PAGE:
[cap-talk] gauntlet - one way IPC considered useless,
Rob J Meijer
rmeijer at xs4all.nl
Sun Jan 22 15:22:54 EST 2006
> Rob J Meijer wrote:
>>>>Suppose that a process A wants to tell processes B and C to perform
>>>>actions P_B and P_C respectively, and be assured that all effects of
>>>>happen before effects of P_C. B and C do not know anything about each
>>>>There are only a few possible ways to implement this:
>> If you remember that:
>> a) Two way comunication channels can be composed of two one way
>> communication channels.
>> b) B could in time exist as different incarnations.
>> c) incarnations of B can have a one-way IPC channel to A for as long
>> as they don't read any secret.
>> d) Only on reading a secret would the B->A channel be revoked.
>> e) If a B incarnation chooses to it can have itself die and be respawned
>> with the B->A channel restored in the next incarnation but with non
>> its possible secret related state intact.
>> than you would see that the problem is actualy much smaller than you
>> think it is. Dropping state time and time again is expensive, but it is
>> a solution.
> It is a solution in some cases. What about all the cases in which it is
> not, because B needs to retain its state?
If B only needs to retain its state from before it read the secret, than
simple paterns suffice and multiple rather standard options are available.
If B needs to retain its state 'after' it has read the secret, than B
either needs to permanently drop its B->A channel, or B needs to be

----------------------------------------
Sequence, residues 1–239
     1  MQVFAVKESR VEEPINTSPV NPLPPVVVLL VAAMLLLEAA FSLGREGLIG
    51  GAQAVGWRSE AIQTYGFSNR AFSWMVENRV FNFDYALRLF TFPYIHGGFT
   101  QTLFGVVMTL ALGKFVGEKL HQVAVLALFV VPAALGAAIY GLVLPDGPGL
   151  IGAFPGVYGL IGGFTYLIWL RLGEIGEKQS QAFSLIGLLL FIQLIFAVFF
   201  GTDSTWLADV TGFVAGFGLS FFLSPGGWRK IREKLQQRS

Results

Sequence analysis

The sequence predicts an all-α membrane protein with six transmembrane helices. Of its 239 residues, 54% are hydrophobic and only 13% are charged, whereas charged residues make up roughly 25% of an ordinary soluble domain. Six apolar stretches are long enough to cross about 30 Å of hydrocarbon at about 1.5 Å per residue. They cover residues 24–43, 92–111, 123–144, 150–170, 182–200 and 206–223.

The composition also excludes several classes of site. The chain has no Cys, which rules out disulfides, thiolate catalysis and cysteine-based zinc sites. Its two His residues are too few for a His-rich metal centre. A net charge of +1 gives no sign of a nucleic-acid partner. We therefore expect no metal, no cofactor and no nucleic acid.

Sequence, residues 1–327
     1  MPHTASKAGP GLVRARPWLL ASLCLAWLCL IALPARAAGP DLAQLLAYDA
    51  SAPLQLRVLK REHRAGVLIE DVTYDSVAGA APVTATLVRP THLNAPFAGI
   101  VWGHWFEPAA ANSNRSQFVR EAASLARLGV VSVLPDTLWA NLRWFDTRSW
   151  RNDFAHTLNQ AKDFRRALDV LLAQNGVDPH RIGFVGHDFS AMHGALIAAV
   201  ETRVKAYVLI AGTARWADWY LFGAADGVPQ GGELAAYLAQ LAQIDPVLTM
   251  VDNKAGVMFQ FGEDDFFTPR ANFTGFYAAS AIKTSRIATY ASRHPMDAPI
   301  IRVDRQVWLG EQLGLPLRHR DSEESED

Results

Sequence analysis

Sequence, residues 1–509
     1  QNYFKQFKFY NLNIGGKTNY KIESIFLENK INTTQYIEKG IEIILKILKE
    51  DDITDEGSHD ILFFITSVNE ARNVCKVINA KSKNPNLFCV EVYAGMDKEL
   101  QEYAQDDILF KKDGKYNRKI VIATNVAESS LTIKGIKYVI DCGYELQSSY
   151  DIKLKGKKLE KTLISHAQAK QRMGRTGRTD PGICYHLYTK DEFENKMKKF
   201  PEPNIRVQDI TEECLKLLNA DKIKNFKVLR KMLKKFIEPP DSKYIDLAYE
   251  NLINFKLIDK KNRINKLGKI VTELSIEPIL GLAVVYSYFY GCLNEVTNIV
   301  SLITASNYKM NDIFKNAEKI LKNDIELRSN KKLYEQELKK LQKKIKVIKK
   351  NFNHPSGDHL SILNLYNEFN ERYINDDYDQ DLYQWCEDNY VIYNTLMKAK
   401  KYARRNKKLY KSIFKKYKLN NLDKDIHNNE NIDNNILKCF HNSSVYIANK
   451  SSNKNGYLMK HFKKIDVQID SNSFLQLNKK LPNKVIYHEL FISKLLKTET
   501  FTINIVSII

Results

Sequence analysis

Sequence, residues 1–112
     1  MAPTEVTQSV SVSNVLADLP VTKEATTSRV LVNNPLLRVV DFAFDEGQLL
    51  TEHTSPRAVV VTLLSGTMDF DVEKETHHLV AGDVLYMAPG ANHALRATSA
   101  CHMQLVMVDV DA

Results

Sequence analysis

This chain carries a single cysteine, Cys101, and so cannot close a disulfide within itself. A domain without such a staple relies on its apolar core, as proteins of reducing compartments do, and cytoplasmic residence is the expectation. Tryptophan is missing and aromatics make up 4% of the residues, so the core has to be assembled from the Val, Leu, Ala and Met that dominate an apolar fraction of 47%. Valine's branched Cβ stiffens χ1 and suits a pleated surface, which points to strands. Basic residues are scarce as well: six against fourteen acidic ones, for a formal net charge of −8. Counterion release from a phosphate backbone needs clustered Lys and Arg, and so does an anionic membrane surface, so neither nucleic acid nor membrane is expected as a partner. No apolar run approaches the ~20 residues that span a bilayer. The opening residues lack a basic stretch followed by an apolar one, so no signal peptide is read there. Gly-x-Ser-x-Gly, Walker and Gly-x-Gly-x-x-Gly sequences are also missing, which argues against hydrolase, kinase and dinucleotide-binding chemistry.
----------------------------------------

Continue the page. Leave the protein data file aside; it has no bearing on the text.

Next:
promoted to a trusted
subsystem. Promoting subsystems to trusted subsystems is something that
is in general rather expensive as it involves extensive code audits,
dedicated resource pools and a lot of things you generaly learn you
want to avoid after having gone truegh the process ones or twice.
> I don't think I'm overestimating the problem of building an entire system
> using the techniques you're suggesting, at all. The costs, in terms of
> complexity, unreliability and inefficiency, are enormous, and the benefits
> too small.
The simple fact is that fully persistent two way communication is
incompatible with untrusted (that is un-audited, not unknown) handling any
secret. A second fact is that promoting code to a 'trusted' level is
exceptionaly expensive for anything but the most trivial re-usable
components. These two facts combined make that any practical system
that works with clasifications of data will need to use one-way
communication channels at some points in their design.
In my experience the added complexity with one-way channels is an
acceptable payment for avoiding or minimizing code audits, that I believe
are much more expensive given the complexity involved with proofing fully
connected and interconnected subsystems to enforce the required policies
the system design and the resulting code to a full scale certifying auditing
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